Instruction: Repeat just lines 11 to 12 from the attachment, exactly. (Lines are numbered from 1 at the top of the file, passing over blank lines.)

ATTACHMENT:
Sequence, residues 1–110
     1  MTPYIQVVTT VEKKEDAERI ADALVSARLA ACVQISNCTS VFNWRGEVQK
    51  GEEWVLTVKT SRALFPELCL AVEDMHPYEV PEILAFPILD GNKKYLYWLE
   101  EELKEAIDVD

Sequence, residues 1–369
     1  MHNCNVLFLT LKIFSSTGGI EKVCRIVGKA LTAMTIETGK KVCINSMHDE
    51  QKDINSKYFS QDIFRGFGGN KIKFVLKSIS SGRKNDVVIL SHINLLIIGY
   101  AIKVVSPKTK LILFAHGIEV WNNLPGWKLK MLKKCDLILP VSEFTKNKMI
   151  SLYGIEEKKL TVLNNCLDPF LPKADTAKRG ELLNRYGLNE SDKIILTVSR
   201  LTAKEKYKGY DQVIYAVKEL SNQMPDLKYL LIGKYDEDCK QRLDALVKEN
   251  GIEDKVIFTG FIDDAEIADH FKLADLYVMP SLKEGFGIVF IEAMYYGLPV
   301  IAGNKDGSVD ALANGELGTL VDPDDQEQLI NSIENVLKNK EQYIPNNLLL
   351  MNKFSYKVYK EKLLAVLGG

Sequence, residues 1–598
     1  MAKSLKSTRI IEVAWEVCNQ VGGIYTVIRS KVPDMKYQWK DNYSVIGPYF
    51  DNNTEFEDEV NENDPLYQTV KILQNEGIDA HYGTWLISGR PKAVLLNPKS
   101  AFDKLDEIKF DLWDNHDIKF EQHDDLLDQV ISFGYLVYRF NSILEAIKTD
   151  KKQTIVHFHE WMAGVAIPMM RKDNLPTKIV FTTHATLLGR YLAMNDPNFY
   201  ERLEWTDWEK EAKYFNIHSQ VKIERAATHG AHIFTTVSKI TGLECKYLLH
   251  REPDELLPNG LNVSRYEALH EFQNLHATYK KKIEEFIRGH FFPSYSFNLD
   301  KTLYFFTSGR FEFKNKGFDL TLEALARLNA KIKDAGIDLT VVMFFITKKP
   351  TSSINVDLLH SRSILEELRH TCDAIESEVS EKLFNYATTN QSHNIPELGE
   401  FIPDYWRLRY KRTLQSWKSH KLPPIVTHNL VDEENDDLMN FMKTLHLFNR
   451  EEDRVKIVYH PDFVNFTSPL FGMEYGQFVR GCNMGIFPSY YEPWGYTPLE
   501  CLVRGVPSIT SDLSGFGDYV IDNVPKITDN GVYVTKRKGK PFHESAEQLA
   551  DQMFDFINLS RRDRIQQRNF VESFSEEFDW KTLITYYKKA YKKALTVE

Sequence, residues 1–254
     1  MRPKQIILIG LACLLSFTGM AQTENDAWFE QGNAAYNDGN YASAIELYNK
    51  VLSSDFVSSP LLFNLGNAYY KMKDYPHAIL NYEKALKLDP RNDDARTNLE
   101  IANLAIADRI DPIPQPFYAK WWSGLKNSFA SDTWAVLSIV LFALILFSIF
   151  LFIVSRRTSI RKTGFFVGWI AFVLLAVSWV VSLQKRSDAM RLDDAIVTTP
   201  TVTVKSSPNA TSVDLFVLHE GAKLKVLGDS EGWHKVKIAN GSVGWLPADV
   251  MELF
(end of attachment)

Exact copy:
   251  GIEDKVIFTG FIDDAEIADH FKLADLYVMP SLKEGFGIVF IEAMYYGLPV
   301  IAGNKDGSVD ALANGELGTL VDPDDQEQLI NSIENVLKNK EQYIPNNLLL